Patch testing reactions to a standard series in 608 patients tested from 1990 to 1997 at Massachusetts General Hospital.Am J Contact Dermat. 1998 Dec; 9(4):207-11.AJ
Patch testing is a useful diagnostic tool when allergic contact dermatitis is suspected clinically.
This study describes the results of patch testing performed from January 1, 1990 to June 1, 1997 at the Massachusetts General Hospital Contact Dermatitis Clinic. The findings are compared with those previously reported by the North American Contact Dermatitis Group (NACDG).
Data were collected from chart review and analyzed. Patients included in the study underwent patch testing to the full European standard series of allergens. A standardized patch testing technique was used, and readings were performed by a single observer.
A total of 608 patients were patch tested to a screening tray of 24 allergens; 69.9% were women. At least one positive patch test reaction was observed in 60.0% of patients. The most common sensitizers were nickel sulfate, fragrance mix, potassium dichromate, cobalt chloride, balsam of Peru, quaternium-15, and neomycin sulfate. The sensitization rate to potassium dichromate (9.4%) was higher than has been reported by the NACDG. A statistically significant difference in the sensitization rate in men and women was observed for nickel, quinoline mix, epoxy resin, and formaldehyde. The prevalence of positive patch test reactions was not found to be influenced by testing during the summer months.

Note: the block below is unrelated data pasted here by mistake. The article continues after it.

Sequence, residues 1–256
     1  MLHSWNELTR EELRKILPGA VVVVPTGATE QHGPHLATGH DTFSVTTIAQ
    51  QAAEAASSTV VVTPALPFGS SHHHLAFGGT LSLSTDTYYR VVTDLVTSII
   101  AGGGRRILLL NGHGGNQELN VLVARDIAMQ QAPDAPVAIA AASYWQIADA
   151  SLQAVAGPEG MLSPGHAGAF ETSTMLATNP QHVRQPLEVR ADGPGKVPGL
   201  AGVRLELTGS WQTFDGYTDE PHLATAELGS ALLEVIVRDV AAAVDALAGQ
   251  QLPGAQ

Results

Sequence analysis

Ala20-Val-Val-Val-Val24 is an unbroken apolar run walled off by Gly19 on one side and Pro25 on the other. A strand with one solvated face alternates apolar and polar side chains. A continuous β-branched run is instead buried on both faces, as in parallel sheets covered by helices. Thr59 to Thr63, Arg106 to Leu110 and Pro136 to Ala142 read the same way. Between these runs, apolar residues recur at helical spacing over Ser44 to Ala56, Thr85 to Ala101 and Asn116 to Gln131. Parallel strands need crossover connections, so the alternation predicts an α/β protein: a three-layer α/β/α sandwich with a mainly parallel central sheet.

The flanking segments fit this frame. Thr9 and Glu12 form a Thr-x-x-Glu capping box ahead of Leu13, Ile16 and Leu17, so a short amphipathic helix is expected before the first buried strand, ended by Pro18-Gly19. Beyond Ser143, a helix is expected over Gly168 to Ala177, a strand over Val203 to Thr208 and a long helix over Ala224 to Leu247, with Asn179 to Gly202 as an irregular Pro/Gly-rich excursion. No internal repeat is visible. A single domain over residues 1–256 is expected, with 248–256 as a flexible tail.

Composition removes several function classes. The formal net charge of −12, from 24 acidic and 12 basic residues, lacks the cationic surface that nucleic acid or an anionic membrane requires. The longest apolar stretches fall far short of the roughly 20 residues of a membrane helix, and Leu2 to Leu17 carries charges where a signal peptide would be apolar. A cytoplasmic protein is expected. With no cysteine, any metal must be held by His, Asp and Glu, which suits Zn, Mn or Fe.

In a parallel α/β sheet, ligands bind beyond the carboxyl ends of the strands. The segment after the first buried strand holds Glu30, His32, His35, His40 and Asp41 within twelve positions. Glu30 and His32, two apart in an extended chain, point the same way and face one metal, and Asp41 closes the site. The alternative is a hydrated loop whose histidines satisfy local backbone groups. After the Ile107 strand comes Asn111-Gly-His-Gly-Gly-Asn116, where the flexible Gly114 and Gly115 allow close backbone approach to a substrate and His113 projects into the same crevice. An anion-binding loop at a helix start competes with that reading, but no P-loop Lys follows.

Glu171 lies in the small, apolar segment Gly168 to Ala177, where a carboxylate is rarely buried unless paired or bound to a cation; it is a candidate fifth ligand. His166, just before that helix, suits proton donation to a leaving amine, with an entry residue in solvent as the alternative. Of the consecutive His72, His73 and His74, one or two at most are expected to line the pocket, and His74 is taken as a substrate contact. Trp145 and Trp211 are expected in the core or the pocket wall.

In the authors' opinion, the prevalence of contact sensitization is generally comparable with the findings of the NACDG, with the exception of reactions to potassium dichromate. This difference in results probably reflects, in part, differences in methodology. The test concentration of potassium dichromate was 0.5%, commonly used in Europe, instead of the 0.25% concentration used by the NACDG. Further investigation is necessary to determine the optimal testing concentration of potassium dichromate.